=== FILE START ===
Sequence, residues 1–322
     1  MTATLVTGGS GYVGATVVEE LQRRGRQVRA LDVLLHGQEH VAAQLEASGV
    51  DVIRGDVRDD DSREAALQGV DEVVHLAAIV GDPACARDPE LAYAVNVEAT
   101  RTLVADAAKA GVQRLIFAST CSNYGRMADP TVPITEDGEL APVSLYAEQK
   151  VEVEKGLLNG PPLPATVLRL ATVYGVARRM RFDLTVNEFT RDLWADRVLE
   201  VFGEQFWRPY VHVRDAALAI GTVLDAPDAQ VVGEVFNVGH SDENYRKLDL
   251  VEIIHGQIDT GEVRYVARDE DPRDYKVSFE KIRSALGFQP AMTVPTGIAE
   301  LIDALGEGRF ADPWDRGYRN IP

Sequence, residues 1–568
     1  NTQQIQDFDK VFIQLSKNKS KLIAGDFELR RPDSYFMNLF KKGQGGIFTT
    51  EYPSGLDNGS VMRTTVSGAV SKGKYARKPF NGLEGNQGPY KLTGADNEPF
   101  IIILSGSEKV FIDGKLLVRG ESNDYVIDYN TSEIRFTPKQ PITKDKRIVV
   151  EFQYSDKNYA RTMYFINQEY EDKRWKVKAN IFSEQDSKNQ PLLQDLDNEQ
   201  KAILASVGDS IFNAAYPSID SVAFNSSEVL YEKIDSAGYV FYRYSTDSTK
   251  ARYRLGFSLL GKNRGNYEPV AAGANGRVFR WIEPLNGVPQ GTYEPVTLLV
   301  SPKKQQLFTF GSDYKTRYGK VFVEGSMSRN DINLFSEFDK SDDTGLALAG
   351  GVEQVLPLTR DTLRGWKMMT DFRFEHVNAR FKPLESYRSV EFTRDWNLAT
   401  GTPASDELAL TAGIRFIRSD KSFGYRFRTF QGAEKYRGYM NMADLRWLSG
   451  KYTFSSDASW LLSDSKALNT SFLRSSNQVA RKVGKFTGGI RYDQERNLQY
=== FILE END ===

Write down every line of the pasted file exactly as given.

Sequence, residues 1–322
     1  MTATLVTGGS GYVGATVVEE LQRRGRQVRA LDVLLHGQEH VAAQLEASGV
    51  DVIRGDVRDD DSREAALQGV DEVVHLAAIV GDPACARDPE LAYAVNVEAT
   101  RTLVADAAKA GVQRLIFAST CSNYGRMADP TVPITEDGEL APVSLYAEQK
   151  VEVEKGLLNG PPLPATVLRL ATVYGVARRM RFDLTVNEFT RDLWADRVLE
   201  VFGEQFWRPY VHVRDAALAI GTVLDAPDAQ VVGEVFNVGH SDENYRKLDL
   251  VEIIHGQIDT GEVRYVARDE DPRDYKVSFE KIRSALGFQP AMTVPTGIAE
   301  LIDALGEGRF ADPWDRGYRN IP

Sequence, residues 1–568
     1  NTQQIQDFDK VFIQLSKNKS KLIAGDFELR RPDSYFMNLF KKGQGGIFTT
    51  EYPSGLDNGS VMRTTVSGAV SKGKYARKPF NGLEGNQGPY KLTGADNEPF
   101  IIILSGSEKV FIDGKLLVRG ESNDYVIDYN TSEIRFTPKQ PITKDKRIVV
   151  EFQYSDKNYA RTMYFINQEY EDKRWKVKAN IFSEQDSKNQ PLLQDLDNEQ
   201  KAILASVGDS IFNAAYPSID SVAFNSSEVL YEKIDSAGYV FYRYSTDSTK
   251  ARYRLGFSLL GKNRGNYEPV AAGANGRVFR WIEPLNGVPQ GTYEPVTLLV
   301  SPKKQQLFTF GSDYKTRYGK VFVEGSMSRN DINLFSEFDK SDDTGLALAG
   351  GVEQVLPLTR DTLRGWKMMT DFRFEHVNAR FKPLESYRSV EFTRDWNLAT
   401  GTPASDELAL TAGIRFIRSD KSFGYRFRTF QGAEKYRGYM NMADLRWLSG
   451  KYTFSSDASW LLSDSKALNT SFLRSSNQVA RKVGKFTGGI RYDQERNLQY